Once the block was safely in place Mrs. Brisby felt her energy start to drain. The glow from the stone started to fade. She dropped the rope from her hands. All of the sudden she felt the strength in her legs disappear and her head was pounding. She lowered herself to the ground and lost consciousness.  There was silence for a while and then the slow chirping of crickets began to fill the air. 
  • Mrs. Brisby slowly awoke in her bed six hours later. She took a quick look around her room and started to close her eyes again when realization kicked in and she sat up. She was indeed in her room in her house. She looked around at the state of the place. Objects lay on the floor on their sides and far from where they’re supposed to be. The floors and walls looked dirty but showed signs of being cleaned up or at least an attempt to. She noticed that blanket and pillow on her bed was new as was the ones on the other bed in the room. Timothy lay in his bed silently and peaceful. Mrs. Brisby made an attempt to get out of bed but the soreness in her legs came back.
    “Don’t worry. He’s alright”, said a familiar voice. Mrs. Brisby turned her head and saw Mr. Ages entering the room. “Slept through the whole thing.” Ages picked up an overturned stool and placed it by the side of Mrs. Brisby’s bed. He got up on the stool and began to examine Mrs. Brisby, starting with checking her pulse. “The rats tried their best to clean up your house. But they did have more pressing matters. They collapsed the rosebush colony an hour ago. By now they’re a quarter a mile away, slowly making their way to Thorn Valley.”
    “Who’s leading them”, asked Mrs. Brisby while allowing Ages to listen to heart using a stethoscope. 
    “Philip, the new Captain of the Guard. He was Justin’s Lieutenant. After they get settled into the colony at Thorn Valley I suppose there’ll be many meetings to discuss leadership.”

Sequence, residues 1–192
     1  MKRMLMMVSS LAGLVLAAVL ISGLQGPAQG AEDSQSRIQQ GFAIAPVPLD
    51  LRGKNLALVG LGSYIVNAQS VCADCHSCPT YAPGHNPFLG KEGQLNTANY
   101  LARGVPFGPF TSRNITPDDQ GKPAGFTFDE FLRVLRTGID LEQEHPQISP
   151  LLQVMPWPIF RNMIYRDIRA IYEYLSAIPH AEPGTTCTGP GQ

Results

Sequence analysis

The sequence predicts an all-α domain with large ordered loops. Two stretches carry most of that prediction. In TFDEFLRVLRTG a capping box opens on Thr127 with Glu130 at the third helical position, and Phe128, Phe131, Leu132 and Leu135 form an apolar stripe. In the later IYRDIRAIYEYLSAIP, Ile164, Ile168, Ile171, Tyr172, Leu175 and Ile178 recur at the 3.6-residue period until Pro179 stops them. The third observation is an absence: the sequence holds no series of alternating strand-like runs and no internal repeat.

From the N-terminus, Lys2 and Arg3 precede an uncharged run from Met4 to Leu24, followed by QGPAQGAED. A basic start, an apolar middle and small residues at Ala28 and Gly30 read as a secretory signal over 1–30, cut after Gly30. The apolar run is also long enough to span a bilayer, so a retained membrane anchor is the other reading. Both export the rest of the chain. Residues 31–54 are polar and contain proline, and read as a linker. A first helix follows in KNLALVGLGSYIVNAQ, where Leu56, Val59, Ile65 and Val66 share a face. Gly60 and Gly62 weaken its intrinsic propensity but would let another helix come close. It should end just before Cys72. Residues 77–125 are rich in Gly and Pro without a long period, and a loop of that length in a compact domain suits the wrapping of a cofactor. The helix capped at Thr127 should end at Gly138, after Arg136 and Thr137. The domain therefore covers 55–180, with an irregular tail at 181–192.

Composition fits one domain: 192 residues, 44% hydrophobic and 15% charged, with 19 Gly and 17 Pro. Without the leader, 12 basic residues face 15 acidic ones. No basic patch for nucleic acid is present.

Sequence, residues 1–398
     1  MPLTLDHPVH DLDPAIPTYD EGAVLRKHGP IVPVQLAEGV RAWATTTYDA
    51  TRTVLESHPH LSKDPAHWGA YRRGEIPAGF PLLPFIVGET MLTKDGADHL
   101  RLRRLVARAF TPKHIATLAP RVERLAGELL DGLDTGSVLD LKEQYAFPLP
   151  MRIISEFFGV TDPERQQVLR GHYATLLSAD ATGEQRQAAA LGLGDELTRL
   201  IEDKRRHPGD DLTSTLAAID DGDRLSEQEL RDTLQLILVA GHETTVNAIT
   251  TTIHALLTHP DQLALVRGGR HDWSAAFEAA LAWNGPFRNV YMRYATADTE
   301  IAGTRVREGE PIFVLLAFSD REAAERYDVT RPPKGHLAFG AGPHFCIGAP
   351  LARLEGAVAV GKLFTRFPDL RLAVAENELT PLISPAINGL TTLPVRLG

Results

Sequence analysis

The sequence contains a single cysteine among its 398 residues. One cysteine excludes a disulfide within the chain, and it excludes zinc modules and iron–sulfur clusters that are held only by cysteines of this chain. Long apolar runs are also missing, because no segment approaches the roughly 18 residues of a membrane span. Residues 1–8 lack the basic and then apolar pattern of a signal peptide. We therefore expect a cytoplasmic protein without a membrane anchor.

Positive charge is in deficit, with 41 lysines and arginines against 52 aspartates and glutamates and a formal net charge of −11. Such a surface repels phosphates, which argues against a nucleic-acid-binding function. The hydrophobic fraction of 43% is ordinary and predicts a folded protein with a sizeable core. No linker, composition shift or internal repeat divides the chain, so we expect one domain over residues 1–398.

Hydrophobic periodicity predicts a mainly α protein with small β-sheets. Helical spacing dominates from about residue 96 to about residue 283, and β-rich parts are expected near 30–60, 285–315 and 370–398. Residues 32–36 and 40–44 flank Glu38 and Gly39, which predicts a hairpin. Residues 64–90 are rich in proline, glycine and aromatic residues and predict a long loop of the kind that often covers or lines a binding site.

“You’re not going with them?”
    Ages sighed. “Thought about it. Then I remembered I have a young patient here to take care of”, he said waving his hand at the other bed where Timothy slept. “Along with yourself and the rest of your children. Besides I didn’t want you to wake up and have no answers to what happened while you were asleep.” Ages finished examing Mrs. Brisby and stepped off the stool. 
    “What about…” Mrs. Brisby began but stopped. The events of last night were so horrific that she didn’t want to bring them up again. “I suppose… Nicodemus…”
    Ages nodded sadly and finished her thought, “We buried him. Sullivan, Jenner’s accomplice, is also dead. There was so much commotion that we rather foolishly neglected him. Died of blood loss. Tried to redeem himself for aligning himself with Jenner and in the end paid for it with his life.”
    “What about Justin,” asked Mr. Brisby, hoping that at least somebody came out of the ordeal alive. 
    Ages shook his head. “No. We tried to find the bodies but had no luck.”
    Mrs. Brisby was silent for a moment and that spotted something on the nightstand. “And what about that?”
    Ages looked at her and then at the nightstand. The amulet lay there. “Frankly Mrs. Brisby I couldn’t tell you. I’ve known Nicodemus for so long but there were some things he never discussed with me. And there things I didn’t want to know about. The amulet was one of them.”